The variance of sea surface temperature and projected changes with global warming
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- Yu, B. & Boer, G.J. Clim Dyn (2006) 26: 801. doi:10.1007/s00382-006-0117-9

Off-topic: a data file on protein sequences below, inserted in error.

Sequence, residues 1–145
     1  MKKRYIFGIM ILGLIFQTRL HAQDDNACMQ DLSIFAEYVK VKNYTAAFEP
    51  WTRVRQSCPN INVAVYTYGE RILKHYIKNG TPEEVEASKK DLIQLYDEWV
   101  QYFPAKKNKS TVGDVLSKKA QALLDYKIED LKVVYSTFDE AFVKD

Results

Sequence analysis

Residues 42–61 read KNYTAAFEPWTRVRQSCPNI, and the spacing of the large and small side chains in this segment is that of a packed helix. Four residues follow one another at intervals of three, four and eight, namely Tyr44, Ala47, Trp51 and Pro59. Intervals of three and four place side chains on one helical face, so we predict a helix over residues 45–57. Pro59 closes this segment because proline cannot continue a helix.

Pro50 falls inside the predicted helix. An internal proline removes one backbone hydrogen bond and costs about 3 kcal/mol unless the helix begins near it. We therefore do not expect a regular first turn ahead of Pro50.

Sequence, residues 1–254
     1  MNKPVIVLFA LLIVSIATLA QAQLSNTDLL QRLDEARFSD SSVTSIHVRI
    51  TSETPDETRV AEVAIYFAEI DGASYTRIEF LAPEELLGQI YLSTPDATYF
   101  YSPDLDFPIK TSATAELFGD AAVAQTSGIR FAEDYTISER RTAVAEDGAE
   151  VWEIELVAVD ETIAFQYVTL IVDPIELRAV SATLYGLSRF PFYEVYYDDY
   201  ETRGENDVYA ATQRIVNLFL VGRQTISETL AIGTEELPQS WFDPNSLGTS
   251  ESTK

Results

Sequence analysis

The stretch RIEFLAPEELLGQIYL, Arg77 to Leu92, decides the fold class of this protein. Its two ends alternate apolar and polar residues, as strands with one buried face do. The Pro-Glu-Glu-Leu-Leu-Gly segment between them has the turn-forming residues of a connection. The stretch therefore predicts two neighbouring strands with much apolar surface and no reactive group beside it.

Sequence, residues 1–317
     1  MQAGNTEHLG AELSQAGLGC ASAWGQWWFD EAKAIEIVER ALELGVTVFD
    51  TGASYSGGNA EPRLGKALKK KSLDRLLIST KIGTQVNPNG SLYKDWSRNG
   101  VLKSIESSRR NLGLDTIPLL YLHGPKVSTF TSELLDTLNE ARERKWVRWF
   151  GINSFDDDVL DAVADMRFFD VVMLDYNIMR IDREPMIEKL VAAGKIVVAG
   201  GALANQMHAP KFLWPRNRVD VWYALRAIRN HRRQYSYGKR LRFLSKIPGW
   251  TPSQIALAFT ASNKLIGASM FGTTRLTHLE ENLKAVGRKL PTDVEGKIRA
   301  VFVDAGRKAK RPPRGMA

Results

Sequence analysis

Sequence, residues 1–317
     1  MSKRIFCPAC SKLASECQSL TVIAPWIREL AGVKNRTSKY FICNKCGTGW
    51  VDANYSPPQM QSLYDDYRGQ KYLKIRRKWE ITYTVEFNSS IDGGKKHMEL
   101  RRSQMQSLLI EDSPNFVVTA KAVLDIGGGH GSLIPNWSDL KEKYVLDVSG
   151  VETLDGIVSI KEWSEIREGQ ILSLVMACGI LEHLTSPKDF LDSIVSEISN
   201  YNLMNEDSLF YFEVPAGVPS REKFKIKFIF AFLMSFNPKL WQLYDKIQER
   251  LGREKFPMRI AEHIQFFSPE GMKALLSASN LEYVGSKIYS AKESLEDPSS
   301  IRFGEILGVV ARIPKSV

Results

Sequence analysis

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Based on the surface energy budget, the sea surface temperature (SST) variance is related to the product of three factors: the sum of the variances of surface radiative and turbulent energy fluxes and of ocean heat transport, an efficiency factor depending on the covariances among them, and a transfer factor involving the persistence of surface temperature via its lagged autocorrelation. These quantities are analyzed for current climate conditions based on results from the NCEP/NCAR reanalyses and a simulation with the CCCma coupled climate model. Potential changes with climate change are considered based on two quasi-equilibrium climate change integrations for which the forcing has been stabilized at years 2050 and 2100 values of the IS92a forcing scenario. The surface energy fluxes, which contribute to the variance of SST, are similar in the modelled and reanalyzed atmosphere but modelled temperature variance is conditioned on the thickness of the upper ocean model layer. Changes of SST variance with global warming show broad scale patterns with decreases in the tropical central-eastern Pacific and the northern extra-tropical Pacific, and increases in both the sub-tropical Pacific and mid-latitudes of the North Atlantic. The changes in SST variance are not associated only with changes in the variances of surface energy fluxes/transports but also with changes in the covariances among them and by changes in the temperature autocorrelation structure.